DUBAI // It started with an e-mail to a few friends. The e-mail was passed on, and passed on, and yesterday more than 300 volunteers gathered at The Shelter in the industrial district of Al Quoz to load six trucks with 26 tonnes of relief packages for the emirate's labourers. "We collect essentials," said Saher Shaikh, the former investment banker who sent the first e-mail. "Things like bed linens, towels, a three-month supply of toiletries and a one-month supply of energy food and drinks."
Mrs Shaikh and her husband, Shamrez, a senior executive at Shaikh Holdings, have conducted three major charity drives in two years. They are not for those in need far away, but for labourers living a few kilometres down the road, in their hometown of Dubai. Volunteers registered and gathered from as early as 10am yesterday to pack the items through to 5pm. More than 2,700 boxes, each weighing 3kg, were taken in a convoy of 25 cars and six trucks to labour camps in the Jebel Ali industrial area.
The volunteers came from a variety of backgrounds. "An event such as this speaks a lot about the character of the people who volunteered and sows the common denominator that brings everybody together," said Chander Mohan, 59, a grandfather and first-time volunteer. He said the event was consistent with his approach to life. "Wherever I find an opportunity I try to contribute," he said. Sareh Ameri-Mills, an interior design student at the American University in Dubai, said she came to know of Mr and Mrs Shaikh's work through her own charity and the volunteer work that she does.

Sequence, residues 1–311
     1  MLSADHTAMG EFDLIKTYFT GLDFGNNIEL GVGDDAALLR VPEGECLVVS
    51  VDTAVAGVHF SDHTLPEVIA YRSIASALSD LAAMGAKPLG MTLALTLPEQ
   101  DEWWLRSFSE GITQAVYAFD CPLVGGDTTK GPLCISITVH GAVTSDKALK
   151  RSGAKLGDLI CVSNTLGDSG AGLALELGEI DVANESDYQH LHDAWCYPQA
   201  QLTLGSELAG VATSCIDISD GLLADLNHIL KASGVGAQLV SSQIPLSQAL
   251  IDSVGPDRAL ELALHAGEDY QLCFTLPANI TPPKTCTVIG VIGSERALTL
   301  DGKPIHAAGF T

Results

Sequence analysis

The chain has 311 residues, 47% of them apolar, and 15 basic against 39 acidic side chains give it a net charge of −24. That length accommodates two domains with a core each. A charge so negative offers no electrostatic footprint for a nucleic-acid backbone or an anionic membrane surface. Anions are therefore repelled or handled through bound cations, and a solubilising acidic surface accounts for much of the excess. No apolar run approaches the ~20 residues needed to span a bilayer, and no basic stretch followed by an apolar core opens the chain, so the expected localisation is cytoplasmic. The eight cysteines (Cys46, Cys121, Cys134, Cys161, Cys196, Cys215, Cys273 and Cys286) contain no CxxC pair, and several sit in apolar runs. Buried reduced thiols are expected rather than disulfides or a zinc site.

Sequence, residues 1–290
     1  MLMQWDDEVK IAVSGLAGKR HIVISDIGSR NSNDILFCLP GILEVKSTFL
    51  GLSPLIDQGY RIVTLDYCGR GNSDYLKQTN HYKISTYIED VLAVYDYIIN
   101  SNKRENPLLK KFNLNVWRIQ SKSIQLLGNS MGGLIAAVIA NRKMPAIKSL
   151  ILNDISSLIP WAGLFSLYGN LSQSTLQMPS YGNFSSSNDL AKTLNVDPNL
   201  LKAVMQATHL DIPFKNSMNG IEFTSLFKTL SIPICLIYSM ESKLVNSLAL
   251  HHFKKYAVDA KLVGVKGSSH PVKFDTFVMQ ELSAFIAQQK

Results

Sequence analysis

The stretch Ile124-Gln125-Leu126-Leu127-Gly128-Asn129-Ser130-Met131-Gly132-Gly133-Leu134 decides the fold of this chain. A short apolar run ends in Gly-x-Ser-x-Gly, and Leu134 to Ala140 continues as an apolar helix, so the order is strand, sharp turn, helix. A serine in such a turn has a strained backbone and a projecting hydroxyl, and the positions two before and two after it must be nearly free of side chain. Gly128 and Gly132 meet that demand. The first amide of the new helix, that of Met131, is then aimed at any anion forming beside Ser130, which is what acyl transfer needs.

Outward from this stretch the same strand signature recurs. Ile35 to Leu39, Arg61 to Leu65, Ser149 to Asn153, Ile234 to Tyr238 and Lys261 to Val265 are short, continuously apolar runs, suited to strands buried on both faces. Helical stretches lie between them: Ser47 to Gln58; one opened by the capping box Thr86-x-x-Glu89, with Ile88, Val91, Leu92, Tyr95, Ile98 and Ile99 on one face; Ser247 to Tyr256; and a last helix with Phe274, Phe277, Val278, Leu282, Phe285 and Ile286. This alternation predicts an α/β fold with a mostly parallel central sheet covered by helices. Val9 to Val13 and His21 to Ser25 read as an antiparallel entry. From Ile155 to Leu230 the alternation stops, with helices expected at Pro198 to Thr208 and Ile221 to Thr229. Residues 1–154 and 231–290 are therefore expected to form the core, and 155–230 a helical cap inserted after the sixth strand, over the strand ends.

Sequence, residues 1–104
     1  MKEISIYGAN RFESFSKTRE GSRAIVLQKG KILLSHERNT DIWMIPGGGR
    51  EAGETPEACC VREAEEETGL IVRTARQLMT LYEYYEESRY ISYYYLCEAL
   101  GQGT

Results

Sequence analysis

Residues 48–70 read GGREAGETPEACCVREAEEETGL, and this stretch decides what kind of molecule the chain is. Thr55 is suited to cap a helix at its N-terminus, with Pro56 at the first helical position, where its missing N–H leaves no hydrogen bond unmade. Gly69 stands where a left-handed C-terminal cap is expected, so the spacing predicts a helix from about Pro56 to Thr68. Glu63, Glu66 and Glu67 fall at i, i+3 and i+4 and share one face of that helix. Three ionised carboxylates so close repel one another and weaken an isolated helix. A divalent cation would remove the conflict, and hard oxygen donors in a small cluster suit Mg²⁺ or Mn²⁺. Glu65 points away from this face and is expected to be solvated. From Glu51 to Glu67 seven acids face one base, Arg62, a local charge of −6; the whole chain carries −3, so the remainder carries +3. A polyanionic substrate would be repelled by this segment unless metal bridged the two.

"About five of us came to join and I am very excited to have found this and be able to be a part of it," she said. "We are also co-ordinating for projects together with Saher." Chandran Navlani, a 26-year-old Indian businessman in Dubai, said: "I found out about Saher's work from her Facebook group and joined with my friend, Sanjay. "I felt it's very easy to just give money and be on your way, so I decided that it's better to get involved and experience the act itself."
Marcin Grell, 27, from Poland, and Etienne Booysen, a 26-year-old South African, are bartenders at Oku Dubai. They joined the volunteers after they were told about the event by a colleague. "This is the first time for all of us," Mr Booysen said. "It's great to see the final result of such a huge effort." Mr Mohan, the executive director of Creative Management Consultants, said he had four generations of his family in Dubai, where he has lived for 22 years.
"This is my first time joining this but it's a very good effort and the pleasure is in helping making a positive difference in someone's life," he said. At the Jebel Ali camp, hundreds of labourers lined up in single-file columns and proceeded patiently to collect their boxes. "It's great to see this working so well," said Lara DeBruyn, a Canadian photojournalist who has lived in Dubai for six months. "I have worked in charity in Bosnia and Canada as well, and this is great."
Tarik Kaddoumi, an art director from the Palestinian Territories, moved here only six weeks ago. "Friends told me about this," he said. "I have volunteered before around the world. I am very excited to be a part of this drive." firstname.lastname@example.org